PREVENTIVE SAFETY MEASURES
- By T. J. Gottwalt
- June 1st, 2003
Ask any security expert the key element needed to create a safe facility and they will likely say planning — be proactive and don’t wait for problems to pop up. A review of your facility’s security hardware is one such preemptive practice that should be conducted annually to engender a safe, secure environment for students, staff and the community.
As the security expert will tell you, the worst time to review the integrity of a school’s door security hardware is after an incident occurs, such as a break-in, theft, assault or fire. Unfortunately, many administrators overlook this vital building component until it’s too late to take preventive measures.
Such transgressions are easy to understand, given the almost transparent manner that door hardware provides safety, security and convenience. Most people take for granted the many functions performed by these devices. People walk through many doors every day without even wondering how this routine task was completed. Some doors allow free access while others require a key, card or pass code to enter; still others may prohibit any passage. It’s all a matter of access privileges and not of interest to most people until something goes wrong.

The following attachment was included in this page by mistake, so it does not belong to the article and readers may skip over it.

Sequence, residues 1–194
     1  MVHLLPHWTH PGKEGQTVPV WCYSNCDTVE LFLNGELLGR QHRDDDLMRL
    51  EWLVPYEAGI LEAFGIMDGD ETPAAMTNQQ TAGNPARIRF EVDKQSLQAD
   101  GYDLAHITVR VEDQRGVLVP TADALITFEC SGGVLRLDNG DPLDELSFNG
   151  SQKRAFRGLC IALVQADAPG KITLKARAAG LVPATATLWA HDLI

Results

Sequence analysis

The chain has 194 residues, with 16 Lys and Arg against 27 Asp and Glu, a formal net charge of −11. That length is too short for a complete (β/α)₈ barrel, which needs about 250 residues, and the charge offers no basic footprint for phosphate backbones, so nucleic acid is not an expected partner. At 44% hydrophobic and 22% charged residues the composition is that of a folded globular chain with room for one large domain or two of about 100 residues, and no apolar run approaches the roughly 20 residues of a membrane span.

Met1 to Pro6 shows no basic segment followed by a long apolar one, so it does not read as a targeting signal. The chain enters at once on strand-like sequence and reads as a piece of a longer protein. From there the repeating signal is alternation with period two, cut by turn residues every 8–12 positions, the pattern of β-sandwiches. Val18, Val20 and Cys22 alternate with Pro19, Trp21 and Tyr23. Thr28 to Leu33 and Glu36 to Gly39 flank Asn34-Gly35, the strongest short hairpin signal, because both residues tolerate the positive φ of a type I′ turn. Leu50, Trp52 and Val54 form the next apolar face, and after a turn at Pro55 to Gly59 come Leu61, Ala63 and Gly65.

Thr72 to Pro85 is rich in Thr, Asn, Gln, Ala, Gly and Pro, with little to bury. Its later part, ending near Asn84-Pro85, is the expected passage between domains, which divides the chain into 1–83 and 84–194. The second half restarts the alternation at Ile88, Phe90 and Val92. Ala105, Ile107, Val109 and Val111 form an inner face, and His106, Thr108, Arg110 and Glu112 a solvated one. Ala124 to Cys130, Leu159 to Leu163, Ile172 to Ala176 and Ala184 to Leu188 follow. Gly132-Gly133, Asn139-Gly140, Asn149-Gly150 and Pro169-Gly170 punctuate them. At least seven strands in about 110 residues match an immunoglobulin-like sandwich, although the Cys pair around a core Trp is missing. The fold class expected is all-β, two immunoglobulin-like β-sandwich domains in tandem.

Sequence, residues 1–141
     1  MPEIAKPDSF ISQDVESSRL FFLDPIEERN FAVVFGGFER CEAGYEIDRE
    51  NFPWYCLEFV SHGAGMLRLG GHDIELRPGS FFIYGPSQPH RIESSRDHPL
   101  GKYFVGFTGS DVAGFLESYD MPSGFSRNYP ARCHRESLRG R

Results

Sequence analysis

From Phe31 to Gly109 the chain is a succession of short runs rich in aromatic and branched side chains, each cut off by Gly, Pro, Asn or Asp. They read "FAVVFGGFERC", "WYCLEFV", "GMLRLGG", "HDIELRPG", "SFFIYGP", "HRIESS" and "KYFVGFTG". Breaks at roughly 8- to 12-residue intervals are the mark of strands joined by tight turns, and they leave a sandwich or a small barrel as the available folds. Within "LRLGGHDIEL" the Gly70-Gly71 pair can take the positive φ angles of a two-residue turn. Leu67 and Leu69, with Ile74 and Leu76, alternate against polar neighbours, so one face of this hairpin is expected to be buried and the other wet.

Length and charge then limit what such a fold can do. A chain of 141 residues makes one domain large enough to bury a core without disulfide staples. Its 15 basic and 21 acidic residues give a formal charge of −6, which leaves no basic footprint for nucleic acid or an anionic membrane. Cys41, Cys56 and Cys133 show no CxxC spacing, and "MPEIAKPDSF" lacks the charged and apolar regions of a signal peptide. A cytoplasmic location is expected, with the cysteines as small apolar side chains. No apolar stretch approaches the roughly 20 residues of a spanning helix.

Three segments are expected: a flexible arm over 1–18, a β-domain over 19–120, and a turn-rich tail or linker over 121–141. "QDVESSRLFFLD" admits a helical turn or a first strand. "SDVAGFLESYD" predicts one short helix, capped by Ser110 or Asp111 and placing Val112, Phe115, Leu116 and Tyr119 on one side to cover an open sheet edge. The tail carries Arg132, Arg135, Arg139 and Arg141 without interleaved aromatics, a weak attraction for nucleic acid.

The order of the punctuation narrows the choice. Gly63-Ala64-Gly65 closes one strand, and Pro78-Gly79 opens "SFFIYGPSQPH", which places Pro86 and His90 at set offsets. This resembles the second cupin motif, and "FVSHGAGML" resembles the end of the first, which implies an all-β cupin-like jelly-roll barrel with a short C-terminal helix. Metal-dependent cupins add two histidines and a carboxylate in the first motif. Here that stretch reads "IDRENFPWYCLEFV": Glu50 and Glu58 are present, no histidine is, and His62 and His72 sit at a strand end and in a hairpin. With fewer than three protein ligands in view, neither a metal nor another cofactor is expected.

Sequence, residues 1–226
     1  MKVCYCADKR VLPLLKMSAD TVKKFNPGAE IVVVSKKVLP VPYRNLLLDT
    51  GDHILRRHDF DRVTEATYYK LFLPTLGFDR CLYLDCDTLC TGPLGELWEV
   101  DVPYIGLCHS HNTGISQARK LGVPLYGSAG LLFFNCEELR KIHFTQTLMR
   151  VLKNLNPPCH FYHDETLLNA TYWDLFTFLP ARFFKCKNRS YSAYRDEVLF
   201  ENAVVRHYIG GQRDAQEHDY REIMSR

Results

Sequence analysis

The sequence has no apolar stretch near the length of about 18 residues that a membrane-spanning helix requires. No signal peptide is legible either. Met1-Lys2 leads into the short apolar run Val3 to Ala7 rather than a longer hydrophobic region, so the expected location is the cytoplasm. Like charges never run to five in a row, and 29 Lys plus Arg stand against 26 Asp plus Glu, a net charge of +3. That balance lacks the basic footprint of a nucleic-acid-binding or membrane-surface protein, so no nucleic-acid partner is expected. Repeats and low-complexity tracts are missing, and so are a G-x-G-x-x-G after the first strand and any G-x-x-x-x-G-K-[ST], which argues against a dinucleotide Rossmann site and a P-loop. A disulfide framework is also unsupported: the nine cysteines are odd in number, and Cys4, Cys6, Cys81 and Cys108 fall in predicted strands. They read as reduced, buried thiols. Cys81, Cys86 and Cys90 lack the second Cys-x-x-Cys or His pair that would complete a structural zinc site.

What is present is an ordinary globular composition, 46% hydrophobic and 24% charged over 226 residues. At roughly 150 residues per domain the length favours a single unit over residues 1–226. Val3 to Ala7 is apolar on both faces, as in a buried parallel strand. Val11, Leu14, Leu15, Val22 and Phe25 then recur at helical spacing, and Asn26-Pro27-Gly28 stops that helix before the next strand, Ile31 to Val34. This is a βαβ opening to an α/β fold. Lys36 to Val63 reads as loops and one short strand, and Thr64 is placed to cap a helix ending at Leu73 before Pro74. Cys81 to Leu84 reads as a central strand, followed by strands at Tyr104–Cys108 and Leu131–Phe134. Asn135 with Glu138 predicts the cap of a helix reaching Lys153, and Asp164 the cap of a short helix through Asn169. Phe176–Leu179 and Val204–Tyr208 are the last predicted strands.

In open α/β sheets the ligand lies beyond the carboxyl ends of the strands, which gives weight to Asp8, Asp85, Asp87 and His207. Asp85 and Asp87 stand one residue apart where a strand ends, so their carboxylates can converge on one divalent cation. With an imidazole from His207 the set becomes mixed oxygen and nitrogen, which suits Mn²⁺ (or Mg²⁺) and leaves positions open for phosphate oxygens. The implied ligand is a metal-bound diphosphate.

School administrators can avoid this turmoil by scheduling an annual security review and taking a few minutes to learn the basics of door hardware and how it applies to school safety. There are many types of door hardware, and this field has grown even larger during the last few years with the introduction of devices designed specifically for educational facilities.
A review of a facility’s door hardware is a simple two-step process. Begin by examining traffic patterns of the building occupants to see if there are bottlenecks or other tie ups that impede security. Much of this is predetermined by building design, but door hardware solutions can help manage how the facility is used. For example, a school may have several different entrances, each accessible with the use of a key. One suggestion might be to limit the number of key accessible entryways to one front entrance and one near the loading dock for the maintenance personnel. The remaining doors are used for exit only, forcing students, staff and visitors to use one main entrance that can be easily monitored. This improves security by controlling who enters the building. If faculty areas are too accessible to students, consider a keypad lockset to prevent unauthorized personnel from entering while allowing faculty